Georgia de-annexation fight hits federal court on two fronts

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A Georgia city’s bondholder and the city itself filed separate federal lawsuits challenging a state-sanctioned process by which the city’s assessable property value could be sliced in half through an involuntary de-annexation.

Capital One Public Funding LLC, which holds the $11.75 million of outstanding bonds issued in 2005 and 2006 by the Stockbridge Urban Redevelopment Authority, filed suit Friday against state and local elections officials in an attempt to void a Nov. 6 referendum on creating the new city of Eagle’s Landing.


If voters within the proposed city limits of Eagle’s Landing approve the referendum, the new municipality will be created from about 50% of the land that now lies in Stockbridge. A small portion would be annexed from unincorporated Henry County.

State laws allowing for Stockbridge’s de-annexation and Eagle’s Landing’s referendum “are unprecedented in Georgia because they fail to make any apportionment of Stockbridge’s underlying debt and related contractual obligations to the new city of Eagle’s Landing,” said Capital One’s complaint, filed in the U.S. District Court for the Northern District of Georgia.

Approval of the referendum would violate the contracts clauses of the U.S. and Georgia constitutions, resulting in a “substantial impairment” and loss of Capital One’s contractual rights and the benefit-of-the-bargain it relied on when purchasing Stockbridge’s bonds, the suit said.

On May 8, Gov. Nathan Deal approved Senate Bill 262, amending Stockbridge’s boundaries without the city’s consent, and SB 263 setting the stage for November’s referendum on whether to authorize creation of the new city of Eagle’s Landing.

“That unprecedented act guts the city of Stockbridge,” Balch & Bingham attorney Christopher Anulewicz said at a press conference Tuesday, announcing that the city had filed a four-count federal lawsuit in U.S. District Court.

The new law “financially impairs the city of Stockbridge, all to make a country club a city,” he said.

Only residents in the proposed new city limits will vote in the referendum.

Stockbridge is home to about 29,000 residents, according to the 2017 estimate of the U.S. Census Bureau.

Two of the four counts in Stockbridge’s complaint allege violations of the Voting Rights Act and racial gerrymandering in violation of the Equal Protection Clause of the 14th amendment.

Currently, 53.37% of the voters in Stockbridge are African-American and 32.5% are white, the complaint said. If de-annexation occurs, 43.98% of voters in Eagle’s Landing will be African-American and 42.81% will be white.

The African-American voters who would be shifted into the new city will have their voting strength reduced by 10% while the voting strength of white residents from Stockbridge shifted into Eagle’s Landing will increase by 10%.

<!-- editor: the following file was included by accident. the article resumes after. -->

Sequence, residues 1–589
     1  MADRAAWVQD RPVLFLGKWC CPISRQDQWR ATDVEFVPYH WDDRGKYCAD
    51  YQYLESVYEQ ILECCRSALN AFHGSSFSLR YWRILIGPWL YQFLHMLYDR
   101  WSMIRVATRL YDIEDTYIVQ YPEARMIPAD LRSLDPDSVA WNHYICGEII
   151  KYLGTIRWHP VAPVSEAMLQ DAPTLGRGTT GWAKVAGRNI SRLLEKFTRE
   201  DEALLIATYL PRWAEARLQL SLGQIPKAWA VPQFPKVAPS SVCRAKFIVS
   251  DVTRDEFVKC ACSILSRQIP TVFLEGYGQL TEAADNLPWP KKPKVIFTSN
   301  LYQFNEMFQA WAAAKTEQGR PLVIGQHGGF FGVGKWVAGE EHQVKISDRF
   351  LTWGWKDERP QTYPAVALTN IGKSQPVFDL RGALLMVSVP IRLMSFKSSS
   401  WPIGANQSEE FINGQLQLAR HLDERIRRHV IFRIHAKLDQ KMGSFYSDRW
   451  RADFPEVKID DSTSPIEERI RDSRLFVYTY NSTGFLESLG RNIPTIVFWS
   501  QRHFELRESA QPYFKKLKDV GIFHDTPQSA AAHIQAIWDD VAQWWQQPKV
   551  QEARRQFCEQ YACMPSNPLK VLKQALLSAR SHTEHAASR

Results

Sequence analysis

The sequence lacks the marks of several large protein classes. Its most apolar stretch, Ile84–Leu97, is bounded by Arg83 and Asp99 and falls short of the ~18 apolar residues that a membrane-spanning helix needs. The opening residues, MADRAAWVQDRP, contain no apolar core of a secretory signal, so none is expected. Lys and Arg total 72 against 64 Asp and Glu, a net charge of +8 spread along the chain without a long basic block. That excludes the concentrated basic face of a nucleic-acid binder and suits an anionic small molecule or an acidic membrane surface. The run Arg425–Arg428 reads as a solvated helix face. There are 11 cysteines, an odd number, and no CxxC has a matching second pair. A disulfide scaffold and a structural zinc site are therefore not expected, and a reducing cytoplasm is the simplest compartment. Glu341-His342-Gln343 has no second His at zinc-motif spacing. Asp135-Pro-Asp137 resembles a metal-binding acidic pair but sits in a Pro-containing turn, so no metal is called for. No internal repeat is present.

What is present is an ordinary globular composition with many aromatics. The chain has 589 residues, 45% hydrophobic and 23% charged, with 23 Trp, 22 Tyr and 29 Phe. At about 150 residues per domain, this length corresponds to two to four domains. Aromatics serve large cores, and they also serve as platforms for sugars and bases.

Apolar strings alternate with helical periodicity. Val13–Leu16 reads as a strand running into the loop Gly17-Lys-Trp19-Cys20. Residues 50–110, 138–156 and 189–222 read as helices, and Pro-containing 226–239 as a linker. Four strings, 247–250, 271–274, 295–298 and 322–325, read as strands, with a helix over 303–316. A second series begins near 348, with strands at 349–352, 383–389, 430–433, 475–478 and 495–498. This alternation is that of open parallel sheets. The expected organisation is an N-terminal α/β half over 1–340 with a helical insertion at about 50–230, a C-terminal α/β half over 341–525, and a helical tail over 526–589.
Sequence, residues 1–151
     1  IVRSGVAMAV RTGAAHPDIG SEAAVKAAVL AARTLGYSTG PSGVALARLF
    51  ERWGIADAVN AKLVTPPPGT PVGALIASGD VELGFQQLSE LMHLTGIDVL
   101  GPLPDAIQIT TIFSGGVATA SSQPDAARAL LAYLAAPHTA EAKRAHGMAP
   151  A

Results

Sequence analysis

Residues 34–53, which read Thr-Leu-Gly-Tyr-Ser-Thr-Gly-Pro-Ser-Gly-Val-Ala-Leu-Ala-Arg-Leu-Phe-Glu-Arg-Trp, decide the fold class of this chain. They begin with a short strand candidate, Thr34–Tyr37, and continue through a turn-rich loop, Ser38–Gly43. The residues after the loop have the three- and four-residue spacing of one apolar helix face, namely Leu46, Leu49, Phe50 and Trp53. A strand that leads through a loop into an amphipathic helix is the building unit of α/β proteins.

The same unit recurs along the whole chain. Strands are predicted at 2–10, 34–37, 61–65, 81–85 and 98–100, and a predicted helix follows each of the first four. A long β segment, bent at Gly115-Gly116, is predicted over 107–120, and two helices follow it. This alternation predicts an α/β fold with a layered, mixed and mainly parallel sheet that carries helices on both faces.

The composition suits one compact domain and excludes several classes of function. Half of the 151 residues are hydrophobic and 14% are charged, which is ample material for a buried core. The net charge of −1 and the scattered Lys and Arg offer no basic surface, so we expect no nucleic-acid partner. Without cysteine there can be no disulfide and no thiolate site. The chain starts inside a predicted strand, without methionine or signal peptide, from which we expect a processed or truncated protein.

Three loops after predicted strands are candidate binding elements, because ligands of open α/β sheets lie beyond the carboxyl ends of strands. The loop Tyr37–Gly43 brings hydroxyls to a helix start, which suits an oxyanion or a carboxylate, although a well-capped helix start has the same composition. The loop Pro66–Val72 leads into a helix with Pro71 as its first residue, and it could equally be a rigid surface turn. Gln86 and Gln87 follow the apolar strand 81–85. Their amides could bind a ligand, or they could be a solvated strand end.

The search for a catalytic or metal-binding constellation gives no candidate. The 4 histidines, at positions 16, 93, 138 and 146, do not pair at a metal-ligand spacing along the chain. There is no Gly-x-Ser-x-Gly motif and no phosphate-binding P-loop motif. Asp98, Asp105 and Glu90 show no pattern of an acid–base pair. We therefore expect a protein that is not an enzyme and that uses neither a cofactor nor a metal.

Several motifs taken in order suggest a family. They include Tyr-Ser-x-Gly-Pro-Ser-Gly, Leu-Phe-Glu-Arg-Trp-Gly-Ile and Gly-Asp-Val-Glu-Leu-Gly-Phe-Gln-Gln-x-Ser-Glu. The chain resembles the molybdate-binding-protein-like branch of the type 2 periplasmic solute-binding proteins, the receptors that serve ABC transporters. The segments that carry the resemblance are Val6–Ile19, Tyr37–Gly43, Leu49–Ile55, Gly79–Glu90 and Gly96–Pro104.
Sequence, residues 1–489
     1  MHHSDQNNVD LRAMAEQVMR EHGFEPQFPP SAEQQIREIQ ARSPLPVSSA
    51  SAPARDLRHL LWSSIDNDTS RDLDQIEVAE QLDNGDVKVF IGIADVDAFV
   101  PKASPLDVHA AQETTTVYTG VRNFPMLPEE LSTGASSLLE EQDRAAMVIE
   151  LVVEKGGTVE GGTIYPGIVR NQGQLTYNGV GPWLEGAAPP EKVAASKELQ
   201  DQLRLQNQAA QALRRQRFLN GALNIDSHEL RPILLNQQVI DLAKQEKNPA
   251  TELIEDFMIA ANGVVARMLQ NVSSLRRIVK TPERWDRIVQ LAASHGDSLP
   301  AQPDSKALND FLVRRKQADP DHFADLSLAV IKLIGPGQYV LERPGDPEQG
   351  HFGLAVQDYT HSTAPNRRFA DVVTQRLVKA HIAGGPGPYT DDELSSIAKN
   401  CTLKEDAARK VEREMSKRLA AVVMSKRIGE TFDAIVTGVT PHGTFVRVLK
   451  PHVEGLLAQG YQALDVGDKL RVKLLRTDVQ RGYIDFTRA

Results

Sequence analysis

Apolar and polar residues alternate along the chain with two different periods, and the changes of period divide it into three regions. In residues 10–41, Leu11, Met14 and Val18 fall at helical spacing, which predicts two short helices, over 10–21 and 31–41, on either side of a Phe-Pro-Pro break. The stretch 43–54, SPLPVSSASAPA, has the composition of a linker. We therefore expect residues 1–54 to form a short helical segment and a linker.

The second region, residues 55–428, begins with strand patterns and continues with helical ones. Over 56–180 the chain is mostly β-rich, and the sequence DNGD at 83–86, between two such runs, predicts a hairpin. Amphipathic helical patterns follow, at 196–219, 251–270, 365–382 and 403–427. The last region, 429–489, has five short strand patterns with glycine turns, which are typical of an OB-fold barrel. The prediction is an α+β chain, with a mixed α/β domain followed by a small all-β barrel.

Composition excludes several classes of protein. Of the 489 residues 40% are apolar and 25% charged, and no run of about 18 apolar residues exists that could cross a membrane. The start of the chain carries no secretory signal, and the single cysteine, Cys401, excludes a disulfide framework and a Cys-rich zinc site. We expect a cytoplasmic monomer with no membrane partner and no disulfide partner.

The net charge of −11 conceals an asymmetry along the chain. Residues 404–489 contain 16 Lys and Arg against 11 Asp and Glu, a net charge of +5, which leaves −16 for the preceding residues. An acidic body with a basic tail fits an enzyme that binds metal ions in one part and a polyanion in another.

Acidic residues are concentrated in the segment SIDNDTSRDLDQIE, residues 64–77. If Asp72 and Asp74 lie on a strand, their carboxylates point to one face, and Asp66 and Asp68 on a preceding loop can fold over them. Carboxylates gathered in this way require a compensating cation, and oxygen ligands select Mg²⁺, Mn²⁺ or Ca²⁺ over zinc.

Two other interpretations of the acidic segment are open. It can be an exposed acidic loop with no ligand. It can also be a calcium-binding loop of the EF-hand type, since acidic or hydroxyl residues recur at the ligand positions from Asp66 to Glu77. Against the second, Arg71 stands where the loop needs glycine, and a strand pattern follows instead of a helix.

“The result will be the reduction in the ability of African-American and other minority voters who are moved out of the city of Stockbridge and into the proposed city of Eagle’s Landing to elect representatives of their choice,” the suit said.

A third count in the 23-page lawsuit deals with Stockbridge’s bonds, and difficulties the city will face paying debt service if de-annexation occurs and the city loses 48% of its residential property value and 54% of its commercial property value.

Stockbridge, which hasn’t levied a property tax in more than 30 years, would see its annual gross revenues drop to about $4.8 million from more than $9 million, according to the complaint. It contends that Eagle’s Landing would benefit from bond-financed assets, even though the proposed city won’t be required to contribute toward debt service.

Stockbridge relied on a “continued and consistent level of revenue stream from commercial businesses and properties” to repay the bonds held by Capital One Public Funding, the suit said. Impairment of the revenue stream through de-annexation violates the contracts clauses of the Georgia and U.S. constitutions, it contends.

The suit seeks an injunction to prevent the state laws from being implemented as well as attorneys’ fees in a fourth count.

Anulewicz said Tuesday that the lawsuit was filed because the state law is harmful to Stockbridge as well as 100 municipalities in Georgia “because if it happened to the city of Stockbridge, it can happen to any city in this state.”

“It is bad policy,” he said. “It is unlawful and we plan to stop it.”

Proponents of creating Eagle’s Landing have said that Stockbridge has enough money in its fund balance and reserve to pay off the bonds. They’ve also claimed that they get no benefit from the bond-financed assets, which includes city hall.

Stockbridge attorney Mike Williams said the city has a “healthy fund balance” because of its fiscally conservative management.

“If the assessment is that we should spend all the money and sell city hall just so that a country club can become a city, that’s irresponsible,” said Williams, who is of counsel with Wilson, Morton & Downs LLC.

Stockbridge also filed a lawsuit in state court attempting to strike down the de-annexation legislation, but Henry County Superior Court Judge Arch McGarity ruled against the city July 18.

The suit is pending before the Georgia Supreme Court.

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